After several uncomfortable conversations with very lonely men she found a guy who seemed nice enough and was heading all the way down I-5 to San Francisco. They got in his cab and started driving and as they drove they talked. The spoke of traveling and places they’d like to visit. He told her he was married. She began to let down her guard. They spoke more freely and Epona began to think that everything was going to be fine. She even told him that once they got to San Francisco she’d be able to pay him something for the ride. She thought that maybe she had even made a new friend. It was about then that the truck driver pulled the rig off of the freeway to an underpass so that the truck was underneath I-5 and could not be seen from the road. He told her he just had to jump out for a second and he’d be right back. Epona began to worry.

Epona was not a small girl, nor was she what you’d call obese by any measure. She was close to six feet tall and solid. When the trucker got back in the cab his demeanor was changed. He turned to her and said, “So, how about some lovin’?” Epona was shocked and regretted every letting her guard down. The trucker tried to grab her head and shove her down onto his lap. She resisted. They struggled. She screamed but no one could hear her. Then he reached into a glove-box and pulled out a gun. He told her to take her clothes off. She moved away to the opposite side of the cab, petrified. He began telling her how this could be so easy and how it could all be over quickly, almost pleading with her. He was waving the gun at her and she boldly made her move. She slapped the gun out of his hand and it landed on the passenger side floor. They both dove for it. Epona was doubled over reaching for the gun while the truck driver was stretched over her back, on top of her, grasping at it. His head was smashed up against her left ear. Epona managed to grab the gun. She pointed it at her own face, tilted it just a bit to the left and pulled the trigger. There was a loud bang. She did not know what happened and thought maybe she had missed and the trucker was just waiting for her to let up so he could get the gun back. Then she felt something warm, something liquid, running down her back and the side of her face. She pushed him off her and got out of the truck without looking at the truck driver. She ran up to the freeway and tried flagging down cars for nearly an hour. Eventually a police car showed up. She told them her story but they didn’t believe her. They brought her down to the station. After taking samples and interrogating her she remembered. With her one phone call she called the clerk at the truck stop who verified her story for the police. Finally they let her clean off the blood.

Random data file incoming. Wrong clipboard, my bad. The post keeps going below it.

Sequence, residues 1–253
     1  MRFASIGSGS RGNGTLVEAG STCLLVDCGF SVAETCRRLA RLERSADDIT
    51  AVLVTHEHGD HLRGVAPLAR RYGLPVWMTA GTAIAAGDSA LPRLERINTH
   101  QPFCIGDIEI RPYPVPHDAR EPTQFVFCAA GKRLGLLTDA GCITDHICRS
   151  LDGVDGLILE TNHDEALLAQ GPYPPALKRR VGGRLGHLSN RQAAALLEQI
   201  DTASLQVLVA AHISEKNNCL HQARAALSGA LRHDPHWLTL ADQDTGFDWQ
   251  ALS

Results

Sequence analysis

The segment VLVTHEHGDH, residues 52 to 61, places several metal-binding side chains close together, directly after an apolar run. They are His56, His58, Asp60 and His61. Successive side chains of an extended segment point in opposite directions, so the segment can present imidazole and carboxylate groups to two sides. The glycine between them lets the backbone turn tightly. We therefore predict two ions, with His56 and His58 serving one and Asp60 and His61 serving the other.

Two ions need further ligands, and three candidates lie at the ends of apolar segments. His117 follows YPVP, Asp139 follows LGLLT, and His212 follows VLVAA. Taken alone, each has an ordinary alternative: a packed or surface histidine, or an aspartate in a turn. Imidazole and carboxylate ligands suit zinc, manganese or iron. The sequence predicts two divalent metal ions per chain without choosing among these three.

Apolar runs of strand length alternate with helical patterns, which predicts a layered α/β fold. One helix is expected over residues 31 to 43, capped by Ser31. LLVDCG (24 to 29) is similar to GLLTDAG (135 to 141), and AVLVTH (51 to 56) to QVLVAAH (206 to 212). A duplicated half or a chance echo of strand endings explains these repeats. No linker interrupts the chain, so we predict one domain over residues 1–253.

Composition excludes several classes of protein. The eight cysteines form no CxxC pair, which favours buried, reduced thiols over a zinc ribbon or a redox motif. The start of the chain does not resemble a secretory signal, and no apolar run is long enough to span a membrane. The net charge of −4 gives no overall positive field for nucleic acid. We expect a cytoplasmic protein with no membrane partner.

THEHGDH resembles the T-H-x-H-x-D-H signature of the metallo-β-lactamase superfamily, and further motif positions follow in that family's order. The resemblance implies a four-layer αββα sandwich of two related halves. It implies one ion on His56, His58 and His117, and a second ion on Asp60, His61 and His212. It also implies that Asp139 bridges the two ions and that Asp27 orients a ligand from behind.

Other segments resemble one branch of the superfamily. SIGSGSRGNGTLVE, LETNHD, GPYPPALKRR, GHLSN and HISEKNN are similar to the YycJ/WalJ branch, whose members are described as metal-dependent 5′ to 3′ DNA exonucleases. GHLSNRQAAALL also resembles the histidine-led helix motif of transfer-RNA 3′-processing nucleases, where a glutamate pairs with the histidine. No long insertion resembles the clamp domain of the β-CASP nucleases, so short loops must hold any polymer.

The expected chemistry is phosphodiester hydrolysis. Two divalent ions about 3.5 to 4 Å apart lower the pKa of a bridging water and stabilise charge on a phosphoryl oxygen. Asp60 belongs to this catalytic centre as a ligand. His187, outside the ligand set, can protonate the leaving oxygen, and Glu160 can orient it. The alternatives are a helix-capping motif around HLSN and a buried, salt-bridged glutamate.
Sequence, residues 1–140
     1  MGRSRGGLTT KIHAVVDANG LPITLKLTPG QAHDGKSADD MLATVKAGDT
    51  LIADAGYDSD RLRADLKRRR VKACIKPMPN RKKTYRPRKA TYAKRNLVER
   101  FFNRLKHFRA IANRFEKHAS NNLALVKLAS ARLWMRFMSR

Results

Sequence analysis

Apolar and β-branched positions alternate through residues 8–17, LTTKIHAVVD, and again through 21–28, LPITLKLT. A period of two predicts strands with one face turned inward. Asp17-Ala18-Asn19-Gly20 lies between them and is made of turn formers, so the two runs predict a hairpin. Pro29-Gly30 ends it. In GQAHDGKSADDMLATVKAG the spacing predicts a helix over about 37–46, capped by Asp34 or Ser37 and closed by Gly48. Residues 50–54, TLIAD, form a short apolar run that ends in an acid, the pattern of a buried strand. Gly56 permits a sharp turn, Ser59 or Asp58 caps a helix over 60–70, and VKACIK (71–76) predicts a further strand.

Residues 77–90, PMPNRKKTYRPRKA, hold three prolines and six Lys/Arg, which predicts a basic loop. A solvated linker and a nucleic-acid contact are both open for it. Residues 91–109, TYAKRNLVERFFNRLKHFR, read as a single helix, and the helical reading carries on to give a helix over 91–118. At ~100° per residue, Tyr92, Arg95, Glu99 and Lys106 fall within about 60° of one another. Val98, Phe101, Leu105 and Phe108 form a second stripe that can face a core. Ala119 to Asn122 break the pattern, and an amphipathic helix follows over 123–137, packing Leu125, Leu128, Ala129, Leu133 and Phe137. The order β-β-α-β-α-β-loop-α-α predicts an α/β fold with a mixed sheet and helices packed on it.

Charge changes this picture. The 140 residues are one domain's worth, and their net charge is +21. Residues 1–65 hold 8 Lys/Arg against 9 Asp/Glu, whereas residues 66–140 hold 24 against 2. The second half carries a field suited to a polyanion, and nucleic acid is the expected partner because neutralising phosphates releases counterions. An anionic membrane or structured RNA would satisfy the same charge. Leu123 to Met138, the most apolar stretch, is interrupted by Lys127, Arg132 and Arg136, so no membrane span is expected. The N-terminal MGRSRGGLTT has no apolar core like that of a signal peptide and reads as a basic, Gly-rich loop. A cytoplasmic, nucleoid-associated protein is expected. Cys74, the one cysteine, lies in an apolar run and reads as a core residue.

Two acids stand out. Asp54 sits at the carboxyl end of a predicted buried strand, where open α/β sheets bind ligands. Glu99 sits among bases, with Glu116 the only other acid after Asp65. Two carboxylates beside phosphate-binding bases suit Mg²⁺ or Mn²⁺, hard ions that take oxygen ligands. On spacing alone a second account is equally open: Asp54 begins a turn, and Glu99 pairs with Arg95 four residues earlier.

When she finally made it to San Francisco on a greyhound she managed to make it to the magic bus headquarters and tell her story to the drivers. They felt terrible, especially the one who accidentally left her at the truck stop.